It's official. I have sold my trusty wildlife lens; the Canon EF 100-400mm f/5.6. Like all things, there comes time for a change. Luckily, this change is good, even great. I have invested in a Canon 400mm 5.6 prime lens, something that is sure to bring professional quality to my images. I have thought about making this change for some time now, so with winter photography madness quickly approaching, I have decided to pull the trigger.
I am truly sad to see my lens go, as silly as it sounds, for it is what got me to this point in my photography career. So I have decided to write sort of an "in memoriam" blog post, reflecting on the awesome experiences and images I've had with it. But before I dive into that, I want to recommend this lens to anyone looking to get into serious photography. It's one of the best all purpose lenses in my opinion. I know plenty of big name photographers who packed it in their gear bags for years and years. Not only for wildlife, but sports, portraits, even telephoto landscapes. Plus with many other lenses popping up in the market nowadays, you can be sure to find one at a decent price. So don't listen to the crappy reviews out there, because there definitely are a few. Pay attention to the good reviews, for they are right. I definitely made the most out of this lens, so you can too. My portfolio has a lot to say about it!
Now, how about a trip down memory lane? Here are some of my best images with the Canon 100-400mm.
And lastly, arguably my favorite image to date...
I could go on for days about my favorite images and why, but these all exemplify the quality of the Canon 100-400mm. All of these images are sharp, show smooth bokeh and colors as well. Not to mention, they are all some of my favorite subjects to shoot. That helps make the decision a bit easier. Shorebirds of course are my favorites, then raptors and yes an occasional warbler (only when cooperative !!!). All but the warbler image were taken with my Canon 60D. The YEWA was taken with my old Canon Rebel T3i (an awesome starter camera).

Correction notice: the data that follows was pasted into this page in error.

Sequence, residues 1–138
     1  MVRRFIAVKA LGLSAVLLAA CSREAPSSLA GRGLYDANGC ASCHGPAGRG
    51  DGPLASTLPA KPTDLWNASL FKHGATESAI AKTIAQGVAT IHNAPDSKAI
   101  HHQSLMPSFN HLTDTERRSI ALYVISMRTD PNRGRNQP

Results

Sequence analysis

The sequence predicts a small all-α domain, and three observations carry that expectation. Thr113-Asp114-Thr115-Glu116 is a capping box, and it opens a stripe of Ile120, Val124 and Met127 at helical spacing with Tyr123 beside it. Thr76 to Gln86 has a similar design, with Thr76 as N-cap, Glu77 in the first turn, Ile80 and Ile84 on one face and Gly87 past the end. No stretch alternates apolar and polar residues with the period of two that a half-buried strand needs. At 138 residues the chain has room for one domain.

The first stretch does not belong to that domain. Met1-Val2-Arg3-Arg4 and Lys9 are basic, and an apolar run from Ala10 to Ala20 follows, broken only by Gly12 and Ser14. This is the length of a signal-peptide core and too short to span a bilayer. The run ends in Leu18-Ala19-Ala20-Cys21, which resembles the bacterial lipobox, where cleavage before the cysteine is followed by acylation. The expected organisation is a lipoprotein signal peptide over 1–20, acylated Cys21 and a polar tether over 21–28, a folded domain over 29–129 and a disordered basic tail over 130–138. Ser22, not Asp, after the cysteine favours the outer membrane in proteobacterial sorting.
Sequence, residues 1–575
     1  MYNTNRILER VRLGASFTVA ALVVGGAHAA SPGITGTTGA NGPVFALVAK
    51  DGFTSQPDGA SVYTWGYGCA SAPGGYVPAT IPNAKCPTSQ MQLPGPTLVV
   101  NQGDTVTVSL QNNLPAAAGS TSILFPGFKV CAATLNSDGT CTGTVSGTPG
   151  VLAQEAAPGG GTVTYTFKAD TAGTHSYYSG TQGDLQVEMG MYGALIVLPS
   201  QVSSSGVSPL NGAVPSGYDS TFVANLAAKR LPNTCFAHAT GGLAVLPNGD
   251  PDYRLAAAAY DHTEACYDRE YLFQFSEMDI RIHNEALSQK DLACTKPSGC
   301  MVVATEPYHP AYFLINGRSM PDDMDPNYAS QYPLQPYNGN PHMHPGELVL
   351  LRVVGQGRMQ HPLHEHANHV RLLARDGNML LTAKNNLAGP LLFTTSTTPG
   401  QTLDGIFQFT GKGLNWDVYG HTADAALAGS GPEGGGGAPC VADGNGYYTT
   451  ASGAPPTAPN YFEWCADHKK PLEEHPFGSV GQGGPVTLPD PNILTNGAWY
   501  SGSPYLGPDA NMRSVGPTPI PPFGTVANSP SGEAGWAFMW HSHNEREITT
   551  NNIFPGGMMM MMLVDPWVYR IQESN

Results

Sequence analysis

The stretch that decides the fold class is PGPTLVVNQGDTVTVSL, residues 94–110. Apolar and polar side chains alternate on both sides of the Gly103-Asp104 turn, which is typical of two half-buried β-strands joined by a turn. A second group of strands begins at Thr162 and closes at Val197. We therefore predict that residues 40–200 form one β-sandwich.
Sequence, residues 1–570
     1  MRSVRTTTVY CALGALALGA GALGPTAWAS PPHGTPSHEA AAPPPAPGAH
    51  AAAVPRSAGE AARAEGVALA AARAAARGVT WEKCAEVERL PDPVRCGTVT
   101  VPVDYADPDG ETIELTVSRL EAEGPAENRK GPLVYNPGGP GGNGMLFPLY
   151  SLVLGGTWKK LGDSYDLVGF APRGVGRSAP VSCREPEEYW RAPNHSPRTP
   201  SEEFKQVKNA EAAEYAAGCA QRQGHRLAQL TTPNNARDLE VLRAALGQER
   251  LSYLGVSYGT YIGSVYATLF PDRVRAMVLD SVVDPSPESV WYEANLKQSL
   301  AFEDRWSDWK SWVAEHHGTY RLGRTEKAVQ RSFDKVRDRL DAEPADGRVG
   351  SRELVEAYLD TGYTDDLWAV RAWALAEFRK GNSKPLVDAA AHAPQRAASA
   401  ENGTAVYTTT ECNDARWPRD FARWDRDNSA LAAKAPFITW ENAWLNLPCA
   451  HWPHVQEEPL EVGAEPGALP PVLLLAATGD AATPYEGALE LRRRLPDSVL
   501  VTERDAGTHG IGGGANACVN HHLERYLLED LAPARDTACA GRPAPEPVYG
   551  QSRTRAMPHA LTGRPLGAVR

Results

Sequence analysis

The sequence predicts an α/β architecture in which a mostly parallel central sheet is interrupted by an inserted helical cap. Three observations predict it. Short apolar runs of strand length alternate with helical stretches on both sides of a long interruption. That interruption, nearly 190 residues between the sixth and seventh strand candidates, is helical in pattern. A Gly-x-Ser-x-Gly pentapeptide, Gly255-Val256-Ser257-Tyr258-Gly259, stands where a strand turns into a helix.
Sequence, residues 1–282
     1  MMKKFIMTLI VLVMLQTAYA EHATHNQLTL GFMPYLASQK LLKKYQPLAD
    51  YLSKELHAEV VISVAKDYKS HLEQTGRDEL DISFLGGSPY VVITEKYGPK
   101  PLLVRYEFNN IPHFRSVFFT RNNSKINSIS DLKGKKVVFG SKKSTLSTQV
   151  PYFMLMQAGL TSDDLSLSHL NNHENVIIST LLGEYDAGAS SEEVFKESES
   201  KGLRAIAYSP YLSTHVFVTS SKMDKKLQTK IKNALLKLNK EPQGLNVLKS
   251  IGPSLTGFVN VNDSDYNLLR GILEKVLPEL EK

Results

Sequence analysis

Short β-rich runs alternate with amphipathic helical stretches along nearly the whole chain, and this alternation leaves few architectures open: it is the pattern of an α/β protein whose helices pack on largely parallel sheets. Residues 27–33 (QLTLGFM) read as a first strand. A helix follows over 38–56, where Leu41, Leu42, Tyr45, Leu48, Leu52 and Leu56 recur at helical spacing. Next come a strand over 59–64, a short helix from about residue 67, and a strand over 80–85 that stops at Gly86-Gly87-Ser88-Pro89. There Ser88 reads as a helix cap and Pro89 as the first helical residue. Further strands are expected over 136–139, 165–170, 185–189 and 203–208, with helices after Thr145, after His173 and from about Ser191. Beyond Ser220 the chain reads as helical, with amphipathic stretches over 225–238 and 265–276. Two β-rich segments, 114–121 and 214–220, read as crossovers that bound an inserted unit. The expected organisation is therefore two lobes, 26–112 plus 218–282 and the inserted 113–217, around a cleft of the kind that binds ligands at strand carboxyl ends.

One of the things that I will miss about this lens, is the image stabilization. Canon absolutely killed it with this feature. Though many will complain that it takes away from image quality (adding grain, fuzz, etc.) I believe it is the reason why so many of my images are high quality. All six of these images were taken with image stabilization (IS) turned on. They were all taken at relatively high shutter speeds, but IS definitely helped with the success of the shots. When a bird is perched, IS is a necessity in my opinion. I don't shoot with tripods or monopods, so keeping the bird motionless in the frame helps a ton. Flight shots don't really require IS, but I have noticed that it really helps when tracking faster birds like falcons or hawks at close range. This is another reason why I would recommend the 100-400mm 5.6. The Canon 400mm 5.6 lacks image stabilization, turning many people away, but I believe that I have learned enough over the past few years that I will be able to find success without it.
So farewell, my trusty friend. It's been an amazing time. Yet another reason why I stay true to Canon. Quality, quality, quality. There is some awesome competition out there, but in the end I believe Canon takes the crown. But don't let my biased opinion steer you away! Everyone has their own style, which makes the world of digital photography so amazing. Soon I will bring forth some new content, but until then I'm lens-less! Oh no!
I hope you all are enjoying fall as much as I am. Talk to you soon.